Erosion and sediment controls on construction sites minimize environmental impacts from sediment-laden stormwater runoff. Silt fence, a widely specified perimeter control practice on construction projects used to retain sediment on-site, has limited performance-based testing data. Silt fence failures and resultant sediment losses are often the result of structural failure. To better understand silt fence performance, researchers at the Auburn University-Erosion and Sediment Control Testing Facility (AU-ESCTF) have evaluated three silt fence options to determine possible shortcomings using standardized full-scale testing methods. These methods subject silt fence practices to simulated, in-field conditions typically experienced on-site without the variability of field testing or the limited application of small-scale testing. Three different silt fence practices were tested to evaluate performance, which included: (1) Alabama Department of Transportation (ALDOT) Trenched Silt Fence, (2) ALDOT Sliced Silt Fence, and (3) Alabama Soil and Water Conservation Committee (AL-SWCC) Trenched Silt Fence. This study indicates that the structural performance of a silt fence perimeter control is the most important performance factor in retaining sediment. The sediment retention performance of these silt fence practices was 82.7%, 66.9% and 90.5%, respectively. When exposed to large impoundment conditions, both ALDOT Trench and Sliced Silt Fence practices failed structurally, while the AL-SWCC Trenched Silt Fence did not experience structural failure.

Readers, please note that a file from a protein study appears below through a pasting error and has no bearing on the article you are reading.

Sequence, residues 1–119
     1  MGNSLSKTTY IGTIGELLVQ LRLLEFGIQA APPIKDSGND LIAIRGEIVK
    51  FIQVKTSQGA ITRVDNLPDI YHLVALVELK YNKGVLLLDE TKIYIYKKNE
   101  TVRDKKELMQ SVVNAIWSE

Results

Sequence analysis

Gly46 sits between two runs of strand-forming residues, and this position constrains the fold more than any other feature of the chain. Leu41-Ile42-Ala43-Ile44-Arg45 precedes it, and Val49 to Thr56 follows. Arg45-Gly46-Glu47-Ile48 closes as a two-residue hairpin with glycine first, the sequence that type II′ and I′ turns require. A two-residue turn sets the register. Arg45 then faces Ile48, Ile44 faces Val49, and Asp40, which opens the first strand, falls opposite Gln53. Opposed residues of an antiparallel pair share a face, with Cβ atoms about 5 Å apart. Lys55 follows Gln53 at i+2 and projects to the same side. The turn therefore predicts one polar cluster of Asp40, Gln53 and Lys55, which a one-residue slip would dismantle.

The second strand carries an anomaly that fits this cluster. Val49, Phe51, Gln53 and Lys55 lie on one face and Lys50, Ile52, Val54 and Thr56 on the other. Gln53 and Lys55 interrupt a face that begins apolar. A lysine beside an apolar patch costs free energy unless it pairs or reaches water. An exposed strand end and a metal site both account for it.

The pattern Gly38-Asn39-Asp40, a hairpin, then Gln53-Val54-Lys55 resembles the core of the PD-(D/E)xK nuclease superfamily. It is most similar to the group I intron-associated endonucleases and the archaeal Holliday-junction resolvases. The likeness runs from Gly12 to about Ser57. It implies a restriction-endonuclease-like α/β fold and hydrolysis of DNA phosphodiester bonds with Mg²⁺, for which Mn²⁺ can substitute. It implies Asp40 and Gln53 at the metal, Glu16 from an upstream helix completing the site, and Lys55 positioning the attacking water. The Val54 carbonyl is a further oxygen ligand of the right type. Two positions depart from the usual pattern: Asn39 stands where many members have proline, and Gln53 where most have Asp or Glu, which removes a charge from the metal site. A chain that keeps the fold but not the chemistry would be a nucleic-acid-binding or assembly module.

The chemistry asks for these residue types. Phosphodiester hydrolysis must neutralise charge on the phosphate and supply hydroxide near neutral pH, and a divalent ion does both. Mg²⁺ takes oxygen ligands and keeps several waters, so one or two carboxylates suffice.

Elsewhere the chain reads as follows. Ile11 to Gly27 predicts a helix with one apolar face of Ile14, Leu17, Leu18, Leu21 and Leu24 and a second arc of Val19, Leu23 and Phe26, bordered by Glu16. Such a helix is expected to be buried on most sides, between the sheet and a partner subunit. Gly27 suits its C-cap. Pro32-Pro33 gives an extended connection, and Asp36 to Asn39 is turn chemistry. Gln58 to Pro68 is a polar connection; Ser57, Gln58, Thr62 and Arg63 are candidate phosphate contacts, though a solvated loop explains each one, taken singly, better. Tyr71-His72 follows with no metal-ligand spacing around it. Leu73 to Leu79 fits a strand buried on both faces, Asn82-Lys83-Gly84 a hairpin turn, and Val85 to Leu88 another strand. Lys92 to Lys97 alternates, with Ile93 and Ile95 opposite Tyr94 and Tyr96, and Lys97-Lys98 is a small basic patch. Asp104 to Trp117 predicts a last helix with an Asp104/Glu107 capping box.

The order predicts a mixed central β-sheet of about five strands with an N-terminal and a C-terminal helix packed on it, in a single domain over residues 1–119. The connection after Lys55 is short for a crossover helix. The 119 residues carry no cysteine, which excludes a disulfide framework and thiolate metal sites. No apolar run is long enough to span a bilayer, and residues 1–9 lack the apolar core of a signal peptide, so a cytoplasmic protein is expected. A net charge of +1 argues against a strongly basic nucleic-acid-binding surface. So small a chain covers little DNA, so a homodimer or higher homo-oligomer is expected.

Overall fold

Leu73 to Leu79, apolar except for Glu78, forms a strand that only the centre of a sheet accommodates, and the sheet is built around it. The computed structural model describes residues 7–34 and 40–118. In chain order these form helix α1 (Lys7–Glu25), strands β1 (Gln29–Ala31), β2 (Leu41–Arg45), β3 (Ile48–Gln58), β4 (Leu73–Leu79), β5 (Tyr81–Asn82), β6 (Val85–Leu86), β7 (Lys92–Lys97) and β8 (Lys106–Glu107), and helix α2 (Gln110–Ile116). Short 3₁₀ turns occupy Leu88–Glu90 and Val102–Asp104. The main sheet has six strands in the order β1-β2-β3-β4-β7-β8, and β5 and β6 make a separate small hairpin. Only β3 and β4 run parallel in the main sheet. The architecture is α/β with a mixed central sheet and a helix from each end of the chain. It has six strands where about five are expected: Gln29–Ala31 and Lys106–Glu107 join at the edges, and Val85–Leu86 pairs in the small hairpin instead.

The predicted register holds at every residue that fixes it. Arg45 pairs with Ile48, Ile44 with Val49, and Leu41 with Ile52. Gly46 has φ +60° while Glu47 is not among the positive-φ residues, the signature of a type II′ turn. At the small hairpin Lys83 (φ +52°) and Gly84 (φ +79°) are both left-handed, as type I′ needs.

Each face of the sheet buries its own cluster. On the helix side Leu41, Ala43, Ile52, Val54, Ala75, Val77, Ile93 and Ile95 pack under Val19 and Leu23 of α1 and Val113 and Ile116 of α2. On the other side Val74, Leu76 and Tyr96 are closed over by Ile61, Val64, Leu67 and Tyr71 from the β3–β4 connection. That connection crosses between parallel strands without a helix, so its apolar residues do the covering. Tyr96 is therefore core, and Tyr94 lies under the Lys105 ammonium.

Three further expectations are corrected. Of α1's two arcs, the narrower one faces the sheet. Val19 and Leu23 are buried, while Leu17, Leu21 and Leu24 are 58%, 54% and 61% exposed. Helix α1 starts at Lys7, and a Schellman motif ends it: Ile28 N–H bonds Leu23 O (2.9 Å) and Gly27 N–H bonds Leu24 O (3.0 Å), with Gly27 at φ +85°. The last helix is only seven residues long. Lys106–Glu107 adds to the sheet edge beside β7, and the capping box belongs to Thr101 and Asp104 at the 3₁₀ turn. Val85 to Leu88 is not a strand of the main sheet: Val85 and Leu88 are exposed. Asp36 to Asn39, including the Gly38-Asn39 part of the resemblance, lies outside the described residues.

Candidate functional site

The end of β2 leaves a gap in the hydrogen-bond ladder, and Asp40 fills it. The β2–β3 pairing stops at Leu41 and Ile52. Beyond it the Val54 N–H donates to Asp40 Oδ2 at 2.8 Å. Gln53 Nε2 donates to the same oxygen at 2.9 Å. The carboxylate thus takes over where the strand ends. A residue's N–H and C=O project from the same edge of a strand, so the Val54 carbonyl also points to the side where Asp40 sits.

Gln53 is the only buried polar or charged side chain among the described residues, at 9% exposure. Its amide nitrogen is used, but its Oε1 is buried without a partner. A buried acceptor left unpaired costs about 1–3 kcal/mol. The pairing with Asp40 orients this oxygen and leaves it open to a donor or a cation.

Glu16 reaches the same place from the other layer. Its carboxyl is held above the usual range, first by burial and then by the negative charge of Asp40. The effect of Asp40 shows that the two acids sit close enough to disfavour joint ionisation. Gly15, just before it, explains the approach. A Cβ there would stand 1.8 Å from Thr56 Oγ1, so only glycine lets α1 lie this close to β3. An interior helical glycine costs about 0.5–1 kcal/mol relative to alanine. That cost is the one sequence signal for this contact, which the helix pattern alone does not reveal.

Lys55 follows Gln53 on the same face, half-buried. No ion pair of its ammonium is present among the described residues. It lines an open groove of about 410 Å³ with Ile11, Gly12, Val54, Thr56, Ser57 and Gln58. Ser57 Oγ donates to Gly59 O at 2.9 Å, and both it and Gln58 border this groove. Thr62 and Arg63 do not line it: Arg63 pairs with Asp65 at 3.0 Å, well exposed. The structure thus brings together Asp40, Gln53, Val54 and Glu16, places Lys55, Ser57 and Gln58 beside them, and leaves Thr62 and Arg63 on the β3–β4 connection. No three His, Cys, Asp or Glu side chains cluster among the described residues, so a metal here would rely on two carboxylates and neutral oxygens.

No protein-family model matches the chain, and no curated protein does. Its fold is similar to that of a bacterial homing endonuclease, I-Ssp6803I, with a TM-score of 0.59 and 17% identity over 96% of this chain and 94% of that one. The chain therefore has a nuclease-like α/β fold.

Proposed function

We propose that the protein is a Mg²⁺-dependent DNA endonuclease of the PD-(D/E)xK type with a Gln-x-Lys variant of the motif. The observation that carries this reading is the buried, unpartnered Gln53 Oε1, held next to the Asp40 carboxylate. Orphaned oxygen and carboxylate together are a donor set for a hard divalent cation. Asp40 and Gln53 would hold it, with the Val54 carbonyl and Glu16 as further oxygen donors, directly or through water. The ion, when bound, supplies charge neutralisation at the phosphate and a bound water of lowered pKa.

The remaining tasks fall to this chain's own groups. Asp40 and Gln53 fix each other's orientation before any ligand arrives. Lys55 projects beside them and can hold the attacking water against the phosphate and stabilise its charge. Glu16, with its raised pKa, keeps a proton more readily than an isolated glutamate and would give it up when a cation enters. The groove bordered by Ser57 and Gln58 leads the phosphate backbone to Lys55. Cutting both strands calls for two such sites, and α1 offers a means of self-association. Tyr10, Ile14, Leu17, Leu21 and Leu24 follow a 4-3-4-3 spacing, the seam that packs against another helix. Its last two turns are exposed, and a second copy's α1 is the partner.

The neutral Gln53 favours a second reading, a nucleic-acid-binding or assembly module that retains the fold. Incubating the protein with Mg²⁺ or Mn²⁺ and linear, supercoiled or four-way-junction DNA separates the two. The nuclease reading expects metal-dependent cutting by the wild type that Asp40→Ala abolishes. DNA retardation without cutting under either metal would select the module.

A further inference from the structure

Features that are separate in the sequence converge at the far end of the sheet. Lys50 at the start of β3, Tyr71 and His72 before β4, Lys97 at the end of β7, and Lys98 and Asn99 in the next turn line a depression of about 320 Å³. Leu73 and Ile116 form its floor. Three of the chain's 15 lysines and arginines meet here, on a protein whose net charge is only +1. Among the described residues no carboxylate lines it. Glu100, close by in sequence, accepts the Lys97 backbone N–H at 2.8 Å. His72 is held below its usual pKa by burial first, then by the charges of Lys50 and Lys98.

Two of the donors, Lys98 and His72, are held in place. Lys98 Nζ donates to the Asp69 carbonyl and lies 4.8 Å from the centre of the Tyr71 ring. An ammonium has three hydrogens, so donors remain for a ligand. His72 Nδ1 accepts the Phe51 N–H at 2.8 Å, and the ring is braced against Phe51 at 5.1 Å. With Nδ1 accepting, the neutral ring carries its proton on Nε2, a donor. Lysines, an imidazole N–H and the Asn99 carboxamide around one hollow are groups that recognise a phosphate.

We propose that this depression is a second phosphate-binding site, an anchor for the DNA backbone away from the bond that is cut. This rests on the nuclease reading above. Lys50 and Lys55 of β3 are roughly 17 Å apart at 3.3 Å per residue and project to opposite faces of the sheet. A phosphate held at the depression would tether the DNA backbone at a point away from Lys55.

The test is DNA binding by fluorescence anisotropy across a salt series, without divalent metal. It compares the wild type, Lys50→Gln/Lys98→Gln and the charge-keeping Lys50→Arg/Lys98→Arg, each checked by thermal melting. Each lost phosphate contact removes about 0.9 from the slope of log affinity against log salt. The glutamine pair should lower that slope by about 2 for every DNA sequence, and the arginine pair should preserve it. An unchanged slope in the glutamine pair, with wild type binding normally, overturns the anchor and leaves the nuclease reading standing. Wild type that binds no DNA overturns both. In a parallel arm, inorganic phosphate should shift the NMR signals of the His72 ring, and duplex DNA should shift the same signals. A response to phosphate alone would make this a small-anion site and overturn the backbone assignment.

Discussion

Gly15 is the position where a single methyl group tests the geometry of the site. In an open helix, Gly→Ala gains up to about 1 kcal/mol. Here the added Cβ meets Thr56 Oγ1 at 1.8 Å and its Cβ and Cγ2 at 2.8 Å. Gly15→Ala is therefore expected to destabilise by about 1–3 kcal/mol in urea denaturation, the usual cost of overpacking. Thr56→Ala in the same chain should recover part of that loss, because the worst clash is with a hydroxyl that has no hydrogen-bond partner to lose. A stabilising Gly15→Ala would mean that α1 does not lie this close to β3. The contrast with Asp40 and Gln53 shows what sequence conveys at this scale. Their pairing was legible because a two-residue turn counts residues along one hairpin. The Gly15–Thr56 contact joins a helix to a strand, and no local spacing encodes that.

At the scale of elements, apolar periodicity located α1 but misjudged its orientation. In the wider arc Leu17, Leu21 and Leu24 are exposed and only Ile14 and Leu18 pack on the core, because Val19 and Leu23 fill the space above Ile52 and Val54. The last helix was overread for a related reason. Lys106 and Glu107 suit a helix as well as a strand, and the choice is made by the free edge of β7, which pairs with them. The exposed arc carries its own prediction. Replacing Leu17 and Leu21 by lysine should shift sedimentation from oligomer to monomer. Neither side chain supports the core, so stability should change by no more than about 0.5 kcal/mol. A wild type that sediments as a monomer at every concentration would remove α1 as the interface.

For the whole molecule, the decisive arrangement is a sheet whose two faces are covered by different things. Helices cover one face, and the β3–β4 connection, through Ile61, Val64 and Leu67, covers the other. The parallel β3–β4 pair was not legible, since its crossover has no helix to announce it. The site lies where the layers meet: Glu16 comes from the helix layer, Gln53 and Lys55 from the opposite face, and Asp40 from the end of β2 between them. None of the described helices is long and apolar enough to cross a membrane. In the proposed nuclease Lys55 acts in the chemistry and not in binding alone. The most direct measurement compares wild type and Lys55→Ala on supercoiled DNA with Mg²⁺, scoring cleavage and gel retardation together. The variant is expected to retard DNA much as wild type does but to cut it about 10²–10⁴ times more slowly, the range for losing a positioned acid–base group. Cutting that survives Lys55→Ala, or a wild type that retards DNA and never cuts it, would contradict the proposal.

Available at: http://works.bepress.com/michael-perez/2/